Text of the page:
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From present to future development pathways in fragile mountain landscapes

Karpouzoglou, Timos and Dewulf, Art and Perez, Katya and Gurung, Praju and Regmi, Santosh and Isaeva, Aiganysh and Foggin, Marc and Bastiaensen, Johan and Van Hecken, Gert and Zulkafli, Zed and Mao, Feng and Clark, Julian and Hannah, David M. and Chapagain, Prem Sagar and Buytaert, Wouter and Cieslik, Katarzyna (2020) 'From present to future development pathways in fragile mountain landscapes.', Environmental Science & Policy, 114 . pp. 606-613.


Mountains are dynamic landscapes that are home to rich natural and human heritage. However, climatic variability, globalisation and increasing ecomomic integration are making these landscapes more fragile with implications for present and future development. Using a pathways lens, we examine development trajectories in mountains and relate these to environmental and social-economic change currently taking place. We analyse and compare pathways in three case studies in Peru (Andes); Nepal (Himalayas); and Kyrgyzstan (Tien Shan). The paper highlights that development pathways in fragile mountain regions may be shifting in new directions, but because they emerge out of complex socio-environmental and historical contexts, there are also social risks associated with the articulation of future pathways, particularly in terms of social equity and sustainability. Building on different pathway approaches with their various strengths and weaknesses, this study examines the role of human agency and power, the role of historical and present context and feedbacks between social and ecological features in shaping future development pathways of mountain landscapes.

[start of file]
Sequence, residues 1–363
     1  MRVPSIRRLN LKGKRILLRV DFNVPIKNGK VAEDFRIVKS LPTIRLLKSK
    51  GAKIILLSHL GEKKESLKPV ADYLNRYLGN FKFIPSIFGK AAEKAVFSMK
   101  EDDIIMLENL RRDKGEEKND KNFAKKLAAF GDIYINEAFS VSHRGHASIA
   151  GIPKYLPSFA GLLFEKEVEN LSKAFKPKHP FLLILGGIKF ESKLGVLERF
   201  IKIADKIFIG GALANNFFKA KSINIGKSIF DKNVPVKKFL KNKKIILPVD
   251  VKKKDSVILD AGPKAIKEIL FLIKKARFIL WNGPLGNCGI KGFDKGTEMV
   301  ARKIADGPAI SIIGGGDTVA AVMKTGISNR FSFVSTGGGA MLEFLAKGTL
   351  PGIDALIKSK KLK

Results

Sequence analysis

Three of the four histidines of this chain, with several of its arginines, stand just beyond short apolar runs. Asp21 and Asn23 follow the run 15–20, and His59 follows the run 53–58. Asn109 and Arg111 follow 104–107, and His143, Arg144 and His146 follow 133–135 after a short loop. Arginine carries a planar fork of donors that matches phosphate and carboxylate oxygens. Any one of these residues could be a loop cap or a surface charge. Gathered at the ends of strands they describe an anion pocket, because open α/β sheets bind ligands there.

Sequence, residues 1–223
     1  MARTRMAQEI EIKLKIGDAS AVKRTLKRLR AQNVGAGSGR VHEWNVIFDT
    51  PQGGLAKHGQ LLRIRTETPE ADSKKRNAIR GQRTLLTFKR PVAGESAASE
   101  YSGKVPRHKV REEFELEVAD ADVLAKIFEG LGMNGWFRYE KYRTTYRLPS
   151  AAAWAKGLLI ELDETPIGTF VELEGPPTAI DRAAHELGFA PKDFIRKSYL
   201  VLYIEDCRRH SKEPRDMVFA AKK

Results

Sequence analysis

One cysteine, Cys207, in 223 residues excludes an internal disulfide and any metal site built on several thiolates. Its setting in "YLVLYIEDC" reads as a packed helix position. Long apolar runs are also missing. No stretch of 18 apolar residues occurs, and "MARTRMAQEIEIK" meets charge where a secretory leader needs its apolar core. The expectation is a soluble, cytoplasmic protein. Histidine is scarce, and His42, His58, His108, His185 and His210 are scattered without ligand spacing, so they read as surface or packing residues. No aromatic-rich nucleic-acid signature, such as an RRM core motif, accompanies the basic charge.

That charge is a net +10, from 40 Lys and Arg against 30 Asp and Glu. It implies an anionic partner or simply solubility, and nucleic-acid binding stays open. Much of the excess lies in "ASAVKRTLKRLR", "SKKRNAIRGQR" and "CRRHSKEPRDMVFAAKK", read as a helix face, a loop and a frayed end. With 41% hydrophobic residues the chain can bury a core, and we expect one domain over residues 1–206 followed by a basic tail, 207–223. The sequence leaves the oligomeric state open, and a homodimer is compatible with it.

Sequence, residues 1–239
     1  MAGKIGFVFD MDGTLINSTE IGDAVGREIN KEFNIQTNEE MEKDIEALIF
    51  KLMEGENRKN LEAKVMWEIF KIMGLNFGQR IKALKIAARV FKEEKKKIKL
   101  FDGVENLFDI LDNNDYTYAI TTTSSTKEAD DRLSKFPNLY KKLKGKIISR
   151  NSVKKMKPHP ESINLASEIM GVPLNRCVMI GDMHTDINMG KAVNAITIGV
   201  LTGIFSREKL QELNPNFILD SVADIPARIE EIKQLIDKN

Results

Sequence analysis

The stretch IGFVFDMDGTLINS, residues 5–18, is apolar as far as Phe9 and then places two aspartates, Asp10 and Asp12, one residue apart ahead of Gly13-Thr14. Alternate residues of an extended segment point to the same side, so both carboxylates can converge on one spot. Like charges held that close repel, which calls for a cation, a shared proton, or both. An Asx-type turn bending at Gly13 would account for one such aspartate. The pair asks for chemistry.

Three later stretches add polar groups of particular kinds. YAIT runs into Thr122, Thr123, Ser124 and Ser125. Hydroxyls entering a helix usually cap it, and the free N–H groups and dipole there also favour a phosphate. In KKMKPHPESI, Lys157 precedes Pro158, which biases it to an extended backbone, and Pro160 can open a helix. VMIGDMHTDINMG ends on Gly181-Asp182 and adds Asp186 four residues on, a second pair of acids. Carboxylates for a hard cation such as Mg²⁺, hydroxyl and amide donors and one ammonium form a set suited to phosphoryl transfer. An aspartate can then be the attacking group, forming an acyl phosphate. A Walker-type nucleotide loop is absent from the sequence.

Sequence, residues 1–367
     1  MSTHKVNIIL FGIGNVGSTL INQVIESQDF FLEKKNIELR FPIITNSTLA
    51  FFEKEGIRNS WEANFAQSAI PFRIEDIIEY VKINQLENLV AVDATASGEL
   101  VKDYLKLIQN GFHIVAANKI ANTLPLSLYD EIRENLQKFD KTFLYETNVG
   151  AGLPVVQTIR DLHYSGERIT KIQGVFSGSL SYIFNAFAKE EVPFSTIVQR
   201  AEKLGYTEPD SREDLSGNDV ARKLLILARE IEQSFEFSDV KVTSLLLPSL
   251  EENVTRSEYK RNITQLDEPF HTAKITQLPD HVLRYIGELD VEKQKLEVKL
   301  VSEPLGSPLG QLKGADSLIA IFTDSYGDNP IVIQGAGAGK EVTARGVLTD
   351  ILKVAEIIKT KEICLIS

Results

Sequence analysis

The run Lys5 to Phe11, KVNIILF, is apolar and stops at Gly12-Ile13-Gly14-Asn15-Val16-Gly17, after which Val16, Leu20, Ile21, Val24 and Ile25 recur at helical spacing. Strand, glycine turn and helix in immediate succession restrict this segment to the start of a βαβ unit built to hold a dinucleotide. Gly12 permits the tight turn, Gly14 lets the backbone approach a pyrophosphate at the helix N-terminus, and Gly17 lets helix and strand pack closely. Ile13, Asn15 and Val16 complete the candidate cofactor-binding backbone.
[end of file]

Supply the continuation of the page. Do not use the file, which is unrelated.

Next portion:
Item Type:Article
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Available under License - Creative Commons Attribution Non-commercial No Derivatives 4.0.
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Publisher statement:© 2020 The Author(s). Published by Elsevier Ltd. This is an open access article under the CC BY-NC-ND license (
Date accepted:14 September 2020
Date deposited:10 May 2022
Date of first online publication:24 October 2020
Date first made open access:10 May 2022

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